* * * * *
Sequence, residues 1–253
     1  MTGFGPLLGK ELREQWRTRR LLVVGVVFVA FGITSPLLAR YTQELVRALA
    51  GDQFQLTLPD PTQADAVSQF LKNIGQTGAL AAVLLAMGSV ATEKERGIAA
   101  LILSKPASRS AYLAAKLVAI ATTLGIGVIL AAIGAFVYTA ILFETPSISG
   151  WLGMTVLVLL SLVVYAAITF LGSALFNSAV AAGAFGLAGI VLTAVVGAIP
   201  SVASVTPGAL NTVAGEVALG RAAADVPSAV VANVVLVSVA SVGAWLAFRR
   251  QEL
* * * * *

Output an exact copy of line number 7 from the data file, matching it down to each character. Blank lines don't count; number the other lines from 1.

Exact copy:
   251  QEL